MR. HERMAN: NO, I am talking about Officer Nuno without -- without objection testified that that's what he was told by the two Mexicans, by -- I am sorry, by Mr. Robles.

THE COURT: The objection is sustained at this point. Why don't we go ahead and take our afternoon stretch break at this point. Let's be back here at five till. Please keep in mind the admonition I gave you before. Don't discuss the case with anyone.

(Whereupon the jury left the courtroom.)

THE COURT: We're back in session now outside the jury's presence here, and, Mr. Herman, I wanted to check and see if there is some testimony from Officer Nuno saying that he took a statement from someone and someone told him that

they saw the body in the creek?

MR. HERMAN: Yes.

THE COURT: Either -- whoever handled that part of the People's case, do you recall anything like that?

MS. FLADAGER: My understanding and my recollection is that Officer Nuno, when shown the transcript, said yeah, that he probably had -- Officer Nuno reported that, but my recollection is also that the two -- that Mr. Robles, when he was questioned, said the body was where he saw it when he returned. It's the same place when he first sees it and then when he goes back with the police it's the same place.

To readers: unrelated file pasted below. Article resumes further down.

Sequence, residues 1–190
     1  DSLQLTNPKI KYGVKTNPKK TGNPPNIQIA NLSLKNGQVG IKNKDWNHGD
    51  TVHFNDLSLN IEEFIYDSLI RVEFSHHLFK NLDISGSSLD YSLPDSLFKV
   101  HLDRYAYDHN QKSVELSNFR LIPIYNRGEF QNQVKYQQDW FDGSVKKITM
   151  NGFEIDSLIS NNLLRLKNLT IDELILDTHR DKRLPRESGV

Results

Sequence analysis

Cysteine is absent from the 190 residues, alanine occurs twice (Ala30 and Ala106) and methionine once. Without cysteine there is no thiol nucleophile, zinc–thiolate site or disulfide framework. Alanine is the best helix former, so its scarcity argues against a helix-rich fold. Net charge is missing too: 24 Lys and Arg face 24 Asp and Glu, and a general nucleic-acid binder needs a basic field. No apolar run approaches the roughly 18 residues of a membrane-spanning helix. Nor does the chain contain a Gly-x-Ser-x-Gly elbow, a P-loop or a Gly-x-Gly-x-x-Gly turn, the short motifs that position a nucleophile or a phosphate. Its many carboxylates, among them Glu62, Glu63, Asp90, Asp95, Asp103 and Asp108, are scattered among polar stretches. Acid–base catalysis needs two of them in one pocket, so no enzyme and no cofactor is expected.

THE COURT: The transcript you're referring to is Exhibit 0 here, the radio traffic?

MS. FLADAGER: That was what was shown to Officer Nuno.

MR. HERMAN: Yes, and I asked --

THE COURT: That's my recollection, too.

MR. HERMAN: Yes, and I asked specifically if that's what Mr. Robles told him and he said yes, that's what he told him. And that's why that transcript, the radio transcript did -- became what it became, besides being a business record.

THE COURT: If you can find it, then that's fine.

MR. HERMAN: It's also a business record.

THE COURT: If you wanted to use that as a hypothetical, certainly I would allow that, I think.

MR. HERMAN: Yes, sir.

THE COURT: But at this point you're basically telling the witness what the facts are. You're not phrasing it as a hypothetical.

MR. HERMAN: No, I understand that, and the reason I did that is because I firmly believe that Officer Nuno said that's what he was told by Mr. Robles.

THE COURT: Okay.

MR. HERMAN: And I know Mr. Robles did not say that. We know Mr. Robles thought it was his daughter.

THE COURT: Okay.

(Recess.)

THE COURT: We're back in session once again on People versus Mouser, the jury and the alternates, the attorneys and parties. Our witness is back on the stand.

Mr. Herman?

MR. HERMAN: Q. Now, it's important for you to have an understanding of the victim's history of drug use; correct?

A. Yes, sir.

Q. And alcohol use?

A. Yes, sir.

Q. Mental illness?

A. Yes, sir.

Q. And you reviewed the notes of Isabel Van Sicklen?